The teachers "loop" in middle school, which means that the 3 teachers in the 6th grade teaching team (Science, Math, Communications/History) will follow the students and remain their teachers in 7th and 8th grade as well. This builds up a supportive team that really knows the kids and doesn't need to start new relationships every year.
The class schedule every day is the same - they have 2 blocks before lunch and 2 blocks after lunch. Wednesday is slightly different because they get out 1 hour early, but still the same blocks. 3 of the blocks are Math, Science and Communications for the first 3 quarters; History replaces communications for the 4th quarter. The 4th block is either gym, art, music or a special that changes each year. The block scheduling gives enough time for them to work on longer projects and focus on each subject.
SciTech does a great job of preparing the middle schoolers to gradually take on more responsibility. They have an equitable grading policy, which allows for retakes as needed, and each teacher has a clear syllabus for individual policies. They have an advisory group once a week after lunch, where they review grades and share those with parents. There are multiple opportunities for them to get extra help if they need it, including during the advisory group. Science fair is a process that takes almost 3 quarters of the year, and they are given steps along the way to guide them to completing the project.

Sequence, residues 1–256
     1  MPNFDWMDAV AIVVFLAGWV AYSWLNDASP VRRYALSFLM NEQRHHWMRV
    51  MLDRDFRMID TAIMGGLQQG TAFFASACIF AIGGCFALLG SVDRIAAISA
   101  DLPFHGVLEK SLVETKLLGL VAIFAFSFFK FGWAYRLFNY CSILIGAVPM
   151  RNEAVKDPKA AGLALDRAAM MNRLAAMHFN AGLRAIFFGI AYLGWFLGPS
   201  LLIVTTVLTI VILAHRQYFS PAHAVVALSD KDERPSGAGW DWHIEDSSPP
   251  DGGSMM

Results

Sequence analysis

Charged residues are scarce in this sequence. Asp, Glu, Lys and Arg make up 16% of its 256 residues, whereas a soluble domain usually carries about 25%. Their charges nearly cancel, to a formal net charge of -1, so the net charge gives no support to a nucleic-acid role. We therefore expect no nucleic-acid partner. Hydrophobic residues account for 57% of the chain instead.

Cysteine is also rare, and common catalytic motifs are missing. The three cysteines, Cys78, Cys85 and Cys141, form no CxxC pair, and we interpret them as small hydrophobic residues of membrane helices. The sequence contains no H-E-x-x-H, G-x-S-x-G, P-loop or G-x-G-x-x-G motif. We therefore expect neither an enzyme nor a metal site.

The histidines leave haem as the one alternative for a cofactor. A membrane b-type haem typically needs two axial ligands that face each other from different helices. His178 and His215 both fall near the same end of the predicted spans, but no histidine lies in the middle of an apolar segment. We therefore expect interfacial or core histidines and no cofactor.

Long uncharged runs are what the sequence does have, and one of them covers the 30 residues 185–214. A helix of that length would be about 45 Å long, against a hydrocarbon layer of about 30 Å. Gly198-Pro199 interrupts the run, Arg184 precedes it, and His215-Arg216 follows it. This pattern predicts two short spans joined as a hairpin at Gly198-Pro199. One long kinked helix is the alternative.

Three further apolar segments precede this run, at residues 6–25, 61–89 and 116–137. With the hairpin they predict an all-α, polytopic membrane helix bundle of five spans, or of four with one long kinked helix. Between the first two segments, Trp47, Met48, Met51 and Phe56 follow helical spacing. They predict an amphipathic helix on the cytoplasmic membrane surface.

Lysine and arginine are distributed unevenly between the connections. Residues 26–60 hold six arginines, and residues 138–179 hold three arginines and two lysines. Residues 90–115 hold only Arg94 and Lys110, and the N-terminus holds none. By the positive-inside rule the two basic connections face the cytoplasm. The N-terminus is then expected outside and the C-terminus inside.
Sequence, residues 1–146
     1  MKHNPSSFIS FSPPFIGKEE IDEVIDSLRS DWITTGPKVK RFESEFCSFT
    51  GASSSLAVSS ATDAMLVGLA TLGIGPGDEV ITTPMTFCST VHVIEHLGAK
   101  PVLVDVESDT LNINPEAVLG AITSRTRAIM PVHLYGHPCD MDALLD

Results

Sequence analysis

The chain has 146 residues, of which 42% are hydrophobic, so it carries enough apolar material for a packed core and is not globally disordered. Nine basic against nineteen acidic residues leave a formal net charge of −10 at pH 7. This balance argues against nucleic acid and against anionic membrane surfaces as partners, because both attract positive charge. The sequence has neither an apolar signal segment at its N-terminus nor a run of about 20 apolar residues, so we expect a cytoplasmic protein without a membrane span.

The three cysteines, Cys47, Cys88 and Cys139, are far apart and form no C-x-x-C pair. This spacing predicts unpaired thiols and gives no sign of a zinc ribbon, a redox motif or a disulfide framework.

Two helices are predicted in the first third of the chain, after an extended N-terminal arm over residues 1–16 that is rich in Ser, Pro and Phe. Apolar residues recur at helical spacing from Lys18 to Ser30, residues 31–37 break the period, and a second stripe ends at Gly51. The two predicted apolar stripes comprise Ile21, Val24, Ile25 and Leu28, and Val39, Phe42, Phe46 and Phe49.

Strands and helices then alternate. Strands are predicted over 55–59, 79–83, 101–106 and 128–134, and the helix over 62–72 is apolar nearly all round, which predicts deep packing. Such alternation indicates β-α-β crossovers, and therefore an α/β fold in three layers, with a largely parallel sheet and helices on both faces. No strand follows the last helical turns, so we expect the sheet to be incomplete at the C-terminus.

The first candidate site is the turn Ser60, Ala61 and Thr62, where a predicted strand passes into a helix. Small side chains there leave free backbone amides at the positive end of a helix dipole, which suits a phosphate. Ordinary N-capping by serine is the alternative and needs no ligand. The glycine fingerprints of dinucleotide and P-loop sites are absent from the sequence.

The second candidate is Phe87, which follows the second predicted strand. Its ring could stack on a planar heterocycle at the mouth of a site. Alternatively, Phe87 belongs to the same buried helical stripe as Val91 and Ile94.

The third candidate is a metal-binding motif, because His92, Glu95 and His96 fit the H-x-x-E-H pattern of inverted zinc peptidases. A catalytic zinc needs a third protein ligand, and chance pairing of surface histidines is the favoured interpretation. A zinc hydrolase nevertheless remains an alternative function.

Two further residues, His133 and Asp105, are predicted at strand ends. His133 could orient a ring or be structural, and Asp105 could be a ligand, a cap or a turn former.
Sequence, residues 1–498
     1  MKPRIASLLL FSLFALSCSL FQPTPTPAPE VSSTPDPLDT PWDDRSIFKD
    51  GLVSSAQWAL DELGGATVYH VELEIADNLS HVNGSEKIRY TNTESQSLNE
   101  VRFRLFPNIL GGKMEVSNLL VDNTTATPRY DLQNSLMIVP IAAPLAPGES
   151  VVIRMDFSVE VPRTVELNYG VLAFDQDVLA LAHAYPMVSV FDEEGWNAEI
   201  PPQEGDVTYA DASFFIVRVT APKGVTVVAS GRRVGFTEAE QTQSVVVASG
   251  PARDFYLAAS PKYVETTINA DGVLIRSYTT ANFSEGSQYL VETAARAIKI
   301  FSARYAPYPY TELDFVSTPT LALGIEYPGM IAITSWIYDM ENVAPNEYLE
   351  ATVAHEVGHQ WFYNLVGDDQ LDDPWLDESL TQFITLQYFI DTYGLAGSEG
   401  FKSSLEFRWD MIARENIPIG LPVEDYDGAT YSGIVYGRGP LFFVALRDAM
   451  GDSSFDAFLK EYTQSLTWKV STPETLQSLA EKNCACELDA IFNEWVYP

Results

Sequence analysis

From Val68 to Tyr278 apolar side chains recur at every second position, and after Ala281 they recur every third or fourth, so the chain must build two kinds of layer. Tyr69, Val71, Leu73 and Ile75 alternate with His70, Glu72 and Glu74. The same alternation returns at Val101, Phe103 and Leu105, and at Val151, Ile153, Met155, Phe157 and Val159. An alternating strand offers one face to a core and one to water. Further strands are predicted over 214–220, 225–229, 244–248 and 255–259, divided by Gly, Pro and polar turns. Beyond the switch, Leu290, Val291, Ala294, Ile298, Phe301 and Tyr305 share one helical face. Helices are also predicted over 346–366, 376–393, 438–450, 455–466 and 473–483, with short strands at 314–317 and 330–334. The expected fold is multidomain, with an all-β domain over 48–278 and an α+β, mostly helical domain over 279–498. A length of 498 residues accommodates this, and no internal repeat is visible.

One other unique aspect of SciTech is the activities. Every day after lunch they have 40 minutes of activity. One day that's advisory group, one day that's science fair, but on the other 3 days they get to select an activity that can change every quarter. Some example activities are walking club, anime club, art club, lego building and student government.